At Forum One, we participate in many great conferences and collaboration events this time of year. They are a key part of our outreach and professional development. One-by-one, in the matter of a week, most have canceled or postponed (to an uncertain future date) their Spring events. Many of these events are huge conferences, so the logistical impact is really noteworthy. We realize this is a difficult decision and every organization has different considerations.
So we want to focus on the question: “What now?”
This is the big question everyone is facing in the face of these cancellations—how to keep their audiences engaged and replace the strategic outcomes these events achieved in other ways.
Here are some things that are working great for us and other great things we are seeing and hearing from our clients and partners:
Whether it is with your staff or your audiences, now is a time when communicating more is a good idea. The communications should be meaningful and human. Obviously, everything cannot be about health safety, though try to keep these messages consistent and timely. Much of your work is not impacted by this crisis, so make sure to balance crisis communications with updates about regular projects and initiatives.
In the absence of in-person interaction which your organization may rely on, video conference meetings are the best way to keep your people engaged.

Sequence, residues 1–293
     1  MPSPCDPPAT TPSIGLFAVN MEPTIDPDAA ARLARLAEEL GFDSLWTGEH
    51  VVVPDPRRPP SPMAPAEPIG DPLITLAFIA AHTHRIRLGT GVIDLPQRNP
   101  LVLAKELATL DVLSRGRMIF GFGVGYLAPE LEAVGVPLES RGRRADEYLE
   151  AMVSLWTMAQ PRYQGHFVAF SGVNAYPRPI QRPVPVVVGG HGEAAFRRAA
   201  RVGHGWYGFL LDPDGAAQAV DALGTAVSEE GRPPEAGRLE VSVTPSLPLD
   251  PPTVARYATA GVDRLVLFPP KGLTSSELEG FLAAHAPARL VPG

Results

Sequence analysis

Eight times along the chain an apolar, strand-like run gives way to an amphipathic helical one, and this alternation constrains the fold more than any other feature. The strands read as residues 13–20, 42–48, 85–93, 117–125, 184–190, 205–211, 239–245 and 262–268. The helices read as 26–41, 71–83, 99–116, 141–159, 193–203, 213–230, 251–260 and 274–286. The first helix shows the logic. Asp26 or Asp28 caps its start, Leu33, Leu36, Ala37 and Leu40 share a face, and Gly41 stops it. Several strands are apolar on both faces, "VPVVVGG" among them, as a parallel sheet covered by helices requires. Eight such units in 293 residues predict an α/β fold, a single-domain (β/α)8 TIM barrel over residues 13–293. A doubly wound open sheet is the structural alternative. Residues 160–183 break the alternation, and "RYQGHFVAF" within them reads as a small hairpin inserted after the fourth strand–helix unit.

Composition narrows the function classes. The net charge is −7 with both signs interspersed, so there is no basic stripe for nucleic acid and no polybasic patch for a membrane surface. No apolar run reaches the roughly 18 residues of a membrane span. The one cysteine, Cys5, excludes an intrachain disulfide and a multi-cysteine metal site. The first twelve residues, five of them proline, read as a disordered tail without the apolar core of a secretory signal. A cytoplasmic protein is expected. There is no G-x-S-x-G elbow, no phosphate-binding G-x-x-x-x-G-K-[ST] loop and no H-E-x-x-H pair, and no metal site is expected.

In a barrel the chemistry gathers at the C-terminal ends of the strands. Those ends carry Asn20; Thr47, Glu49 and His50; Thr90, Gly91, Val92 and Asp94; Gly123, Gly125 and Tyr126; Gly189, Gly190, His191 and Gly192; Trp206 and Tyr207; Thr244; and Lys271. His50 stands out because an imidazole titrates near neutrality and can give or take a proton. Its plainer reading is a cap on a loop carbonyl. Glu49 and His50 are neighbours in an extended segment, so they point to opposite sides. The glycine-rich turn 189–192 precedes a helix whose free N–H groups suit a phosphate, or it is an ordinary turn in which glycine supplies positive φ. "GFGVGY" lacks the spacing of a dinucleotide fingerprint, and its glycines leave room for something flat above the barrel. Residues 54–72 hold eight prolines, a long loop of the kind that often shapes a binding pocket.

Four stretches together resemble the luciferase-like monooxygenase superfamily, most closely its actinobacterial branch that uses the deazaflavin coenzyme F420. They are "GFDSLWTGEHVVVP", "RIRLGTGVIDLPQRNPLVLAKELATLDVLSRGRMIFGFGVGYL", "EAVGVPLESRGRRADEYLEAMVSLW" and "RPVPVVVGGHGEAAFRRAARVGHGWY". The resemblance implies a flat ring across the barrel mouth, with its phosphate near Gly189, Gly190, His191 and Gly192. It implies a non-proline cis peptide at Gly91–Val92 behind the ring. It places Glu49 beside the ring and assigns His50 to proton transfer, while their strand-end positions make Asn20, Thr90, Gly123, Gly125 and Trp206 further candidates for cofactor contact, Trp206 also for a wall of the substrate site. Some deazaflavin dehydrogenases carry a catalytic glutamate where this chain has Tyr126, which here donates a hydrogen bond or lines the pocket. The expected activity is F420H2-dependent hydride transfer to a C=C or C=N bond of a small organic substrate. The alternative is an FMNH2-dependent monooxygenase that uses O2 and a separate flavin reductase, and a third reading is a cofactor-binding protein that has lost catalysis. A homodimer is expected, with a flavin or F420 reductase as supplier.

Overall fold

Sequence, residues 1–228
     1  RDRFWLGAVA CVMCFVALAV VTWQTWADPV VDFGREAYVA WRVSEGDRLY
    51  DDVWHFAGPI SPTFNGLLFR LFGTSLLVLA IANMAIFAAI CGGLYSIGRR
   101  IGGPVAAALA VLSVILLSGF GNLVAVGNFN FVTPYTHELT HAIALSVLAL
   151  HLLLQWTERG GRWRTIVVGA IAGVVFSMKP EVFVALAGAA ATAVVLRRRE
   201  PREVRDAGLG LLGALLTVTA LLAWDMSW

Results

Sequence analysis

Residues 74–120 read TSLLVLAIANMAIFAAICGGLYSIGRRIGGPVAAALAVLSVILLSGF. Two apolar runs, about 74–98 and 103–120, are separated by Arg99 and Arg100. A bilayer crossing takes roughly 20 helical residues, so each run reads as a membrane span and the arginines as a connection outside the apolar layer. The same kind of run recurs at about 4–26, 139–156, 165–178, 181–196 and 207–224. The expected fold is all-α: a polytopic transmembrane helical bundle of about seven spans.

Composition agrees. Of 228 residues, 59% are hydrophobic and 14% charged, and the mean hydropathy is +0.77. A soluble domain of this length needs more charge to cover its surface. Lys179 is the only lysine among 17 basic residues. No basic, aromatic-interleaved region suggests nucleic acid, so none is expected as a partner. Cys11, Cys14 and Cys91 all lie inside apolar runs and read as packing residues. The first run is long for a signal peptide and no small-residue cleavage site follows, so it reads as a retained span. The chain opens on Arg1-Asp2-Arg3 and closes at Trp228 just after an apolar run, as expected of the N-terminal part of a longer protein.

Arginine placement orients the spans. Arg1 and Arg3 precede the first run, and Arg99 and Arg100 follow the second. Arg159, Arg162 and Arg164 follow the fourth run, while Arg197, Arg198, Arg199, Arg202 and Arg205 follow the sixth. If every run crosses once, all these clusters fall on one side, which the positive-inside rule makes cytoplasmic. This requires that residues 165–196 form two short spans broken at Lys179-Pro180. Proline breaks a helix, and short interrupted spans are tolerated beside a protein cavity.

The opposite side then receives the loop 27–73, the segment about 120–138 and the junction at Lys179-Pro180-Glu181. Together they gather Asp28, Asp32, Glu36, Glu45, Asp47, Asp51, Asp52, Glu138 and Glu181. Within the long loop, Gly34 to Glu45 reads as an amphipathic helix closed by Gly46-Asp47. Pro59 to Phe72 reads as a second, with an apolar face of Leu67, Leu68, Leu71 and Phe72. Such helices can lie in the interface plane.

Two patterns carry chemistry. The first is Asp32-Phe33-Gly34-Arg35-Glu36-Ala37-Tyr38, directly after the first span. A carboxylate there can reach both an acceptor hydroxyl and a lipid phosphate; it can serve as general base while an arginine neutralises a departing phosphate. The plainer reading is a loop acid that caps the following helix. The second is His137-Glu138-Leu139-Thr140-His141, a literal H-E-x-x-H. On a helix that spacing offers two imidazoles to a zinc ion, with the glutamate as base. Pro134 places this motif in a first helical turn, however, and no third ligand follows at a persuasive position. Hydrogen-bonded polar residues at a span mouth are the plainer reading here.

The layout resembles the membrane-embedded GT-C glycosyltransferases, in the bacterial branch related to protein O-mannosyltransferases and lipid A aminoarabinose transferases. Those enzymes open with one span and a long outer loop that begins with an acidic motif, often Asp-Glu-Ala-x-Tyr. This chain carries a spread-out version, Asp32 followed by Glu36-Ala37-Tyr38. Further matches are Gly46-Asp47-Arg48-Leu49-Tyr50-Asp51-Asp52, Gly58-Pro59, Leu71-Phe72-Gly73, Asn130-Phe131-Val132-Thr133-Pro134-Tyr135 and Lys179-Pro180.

For your staff
For your staff who may now or soon be working from home exclusively, consider doing daily coffees or stand-ups using video conferencing. Seeing and hearing everyone will help with morale and collaboration.
For your audiences
For your audiences, whether it be members, constituents, etc., this is a great time to host additional events to gain face time and give people a chance to interact with you and others in your organization. This is especially valuable to replace sessions from your events that may have been or will be canceled or postponed.
We are certainly in this with you and are watching these communications strategies develop in real-time. We plan to share more observations and tips over the coming weeks as the COVID-19 outbreak develops.